The facts, unless they've recently changed, are that if you are temporarily in France, such as a tourist, who will drive but not own a car in France, your license may or may not be recognized by the French government according to whether or not there exists an agreement between the nation of France and the STATE you come from in the U.S. to mutually honor each other's licenses. When I arrived in France my state had no agreement. By the time I left it did.
So what? To rent a car you won't be asked for much. It varies. The agencies have never questioned me when I'm there on business. They probably figure the car comes back to them and they get your money no matter what. But if and when the police stop you it's a whole different matter. I was stopped by the police about 4 times while in France. It had nothing to do with traffic violations of which there were none. This is important: the French police routinely set up at a convenient curve in the road on the edge of town and wave everyone over just to check papers. U.S. police virtually never do that, I know, but France is different. So if you don't have an International Drivers License (obtainable at a AAA)you are running a small risk of having your license rejected by the police.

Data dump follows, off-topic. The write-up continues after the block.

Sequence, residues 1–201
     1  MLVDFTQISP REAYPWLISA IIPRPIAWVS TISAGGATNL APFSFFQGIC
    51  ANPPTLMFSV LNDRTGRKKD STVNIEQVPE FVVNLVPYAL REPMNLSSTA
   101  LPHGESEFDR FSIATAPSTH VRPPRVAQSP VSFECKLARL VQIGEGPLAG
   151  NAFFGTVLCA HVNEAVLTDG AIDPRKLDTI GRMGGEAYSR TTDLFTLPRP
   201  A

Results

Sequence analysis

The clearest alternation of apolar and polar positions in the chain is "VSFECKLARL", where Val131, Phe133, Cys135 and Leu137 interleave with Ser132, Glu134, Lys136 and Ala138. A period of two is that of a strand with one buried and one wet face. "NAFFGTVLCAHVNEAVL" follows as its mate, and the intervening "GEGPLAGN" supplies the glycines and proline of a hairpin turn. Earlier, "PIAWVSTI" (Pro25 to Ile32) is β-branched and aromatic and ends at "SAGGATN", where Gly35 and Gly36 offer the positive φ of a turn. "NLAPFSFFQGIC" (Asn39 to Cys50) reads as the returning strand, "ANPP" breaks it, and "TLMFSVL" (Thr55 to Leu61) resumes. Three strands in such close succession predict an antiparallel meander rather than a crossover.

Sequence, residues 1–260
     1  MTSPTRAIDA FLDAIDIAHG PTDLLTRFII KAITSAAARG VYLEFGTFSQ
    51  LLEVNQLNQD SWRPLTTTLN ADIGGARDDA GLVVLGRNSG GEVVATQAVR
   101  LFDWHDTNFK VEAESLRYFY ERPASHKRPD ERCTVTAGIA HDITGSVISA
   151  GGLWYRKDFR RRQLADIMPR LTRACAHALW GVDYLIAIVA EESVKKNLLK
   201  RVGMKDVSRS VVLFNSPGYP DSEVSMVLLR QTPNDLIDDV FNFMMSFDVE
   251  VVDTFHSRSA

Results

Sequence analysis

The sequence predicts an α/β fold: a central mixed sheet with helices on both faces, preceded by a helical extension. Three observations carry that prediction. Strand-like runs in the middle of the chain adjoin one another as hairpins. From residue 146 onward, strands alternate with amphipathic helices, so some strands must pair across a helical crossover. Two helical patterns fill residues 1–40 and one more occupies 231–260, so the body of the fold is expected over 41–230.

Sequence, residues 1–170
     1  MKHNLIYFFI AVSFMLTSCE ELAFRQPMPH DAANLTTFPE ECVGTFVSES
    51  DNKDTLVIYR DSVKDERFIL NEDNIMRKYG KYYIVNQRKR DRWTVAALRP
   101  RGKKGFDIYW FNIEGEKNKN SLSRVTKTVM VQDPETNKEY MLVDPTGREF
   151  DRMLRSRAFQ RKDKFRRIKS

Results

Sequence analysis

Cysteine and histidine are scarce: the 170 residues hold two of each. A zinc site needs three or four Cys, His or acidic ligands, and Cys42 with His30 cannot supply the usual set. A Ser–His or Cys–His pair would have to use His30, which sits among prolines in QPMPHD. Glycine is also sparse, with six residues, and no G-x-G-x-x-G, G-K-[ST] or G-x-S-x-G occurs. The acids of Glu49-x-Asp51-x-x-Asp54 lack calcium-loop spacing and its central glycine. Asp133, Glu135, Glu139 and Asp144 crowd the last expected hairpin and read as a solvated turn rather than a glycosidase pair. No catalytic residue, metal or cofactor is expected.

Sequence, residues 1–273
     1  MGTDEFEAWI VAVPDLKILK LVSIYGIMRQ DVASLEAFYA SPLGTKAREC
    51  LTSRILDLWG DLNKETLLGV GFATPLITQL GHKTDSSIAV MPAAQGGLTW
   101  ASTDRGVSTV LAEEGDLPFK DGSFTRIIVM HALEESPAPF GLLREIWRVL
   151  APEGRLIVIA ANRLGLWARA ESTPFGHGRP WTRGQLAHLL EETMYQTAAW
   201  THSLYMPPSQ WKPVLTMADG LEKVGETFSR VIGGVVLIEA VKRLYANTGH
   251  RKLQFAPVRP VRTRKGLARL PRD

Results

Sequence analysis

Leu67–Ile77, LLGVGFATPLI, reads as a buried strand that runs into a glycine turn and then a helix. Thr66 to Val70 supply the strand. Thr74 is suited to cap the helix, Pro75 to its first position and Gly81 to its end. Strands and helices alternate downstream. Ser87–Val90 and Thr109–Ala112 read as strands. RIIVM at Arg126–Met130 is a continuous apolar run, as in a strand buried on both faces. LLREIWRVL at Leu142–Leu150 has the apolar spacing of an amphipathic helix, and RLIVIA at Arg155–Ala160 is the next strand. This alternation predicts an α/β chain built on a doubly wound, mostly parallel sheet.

Randall Smith's experience with obtaining their cartes grises (gray cards) is, as he says, associated with buying a car. It was a real pain in the butt for me, but it has nothing to do with car rentals.
Bottom line, the whole thing about vacationing abroad is to have a great experience and not to worry about what will happen if you have an accident (handled without police unless there is an injury---a whole different procedure called a "constat amical") and the police can't read your license or don't honor it. Just fork over some bucks and get an IDL!
 

Posting Rules
You may not post new threads
You may not post replies
You may not post attachments
You may not edit your posts

BB code is On
Smilies are On
[IMG] code is On
HTML code is Off
Trackbacks are Off
Pingbacks are Off
Refbacks are On


Thread Tools
Search this Thread

Contact Us - Archive - Advertising - Cookie Policy - Privacy Statement - Do Not Sell My Personal Information


All times are GMT -8. The time now is 05:33 AM.